WASHINGTON — The economic slowdown in spring was worse than most thought – and the current quarter isn’t looking that much stronger as manufacturing is weakening.
The Bureau of Economic Analysis on Thursday revised down the nation’s economic growth in the second quarter to a 1.3 percent annual rate, down from its previous estimate of 1.7 percent.
Most analysts were expecting the government’s third and final report for the second quarter to show that gross domestic product – or total value of goods and services produced – expanded by 1.7 percent.
The economy grew at a 2 percent annual rate in the first quarter, which is hardly robust and not strong enough to bring down unemployment.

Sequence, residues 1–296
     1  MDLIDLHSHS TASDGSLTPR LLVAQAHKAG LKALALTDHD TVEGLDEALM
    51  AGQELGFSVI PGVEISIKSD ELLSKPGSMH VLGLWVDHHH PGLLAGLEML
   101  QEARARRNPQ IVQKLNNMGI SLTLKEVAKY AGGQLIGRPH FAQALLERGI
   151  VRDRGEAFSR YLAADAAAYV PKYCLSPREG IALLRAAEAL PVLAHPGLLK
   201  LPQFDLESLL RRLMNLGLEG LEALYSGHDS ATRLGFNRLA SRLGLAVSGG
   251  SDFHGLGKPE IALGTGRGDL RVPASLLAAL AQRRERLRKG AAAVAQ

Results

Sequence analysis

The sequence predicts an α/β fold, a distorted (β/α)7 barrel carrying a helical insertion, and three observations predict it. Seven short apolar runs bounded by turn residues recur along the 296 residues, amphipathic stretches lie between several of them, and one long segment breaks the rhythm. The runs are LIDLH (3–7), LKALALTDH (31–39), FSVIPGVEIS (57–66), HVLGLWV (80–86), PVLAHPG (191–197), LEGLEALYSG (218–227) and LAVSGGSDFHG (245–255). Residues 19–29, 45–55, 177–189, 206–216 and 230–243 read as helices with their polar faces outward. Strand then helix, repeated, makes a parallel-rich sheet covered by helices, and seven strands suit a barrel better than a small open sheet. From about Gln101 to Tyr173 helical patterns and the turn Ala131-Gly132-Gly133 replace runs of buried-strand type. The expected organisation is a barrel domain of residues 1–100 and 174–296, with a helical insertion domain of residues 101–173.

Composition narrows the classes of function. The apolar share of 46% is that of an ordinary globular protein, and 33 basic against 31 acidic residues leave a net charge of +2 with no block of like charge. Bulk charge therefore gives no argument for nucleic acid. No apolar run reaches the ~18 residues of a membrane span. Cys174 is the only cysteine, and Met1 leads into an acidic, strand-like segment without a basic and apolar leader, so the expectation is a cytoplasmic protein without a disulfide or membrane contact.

The downward revision for the April-June quarter was because of a drought-related drop in farm inventory investments, as well as lower consumer spending for services and weaker U.S. exports than previously estimated.
The farm sector likely will bounce back in the coming months. The bigger concern is manufacturing, which has been softening amid slowing business investment.
On Thursday, the Census Bureau said new orders for longer-lasting durable manufactured goods plunged 13.2 percent in August, compared with a 3.3 percent increase in July.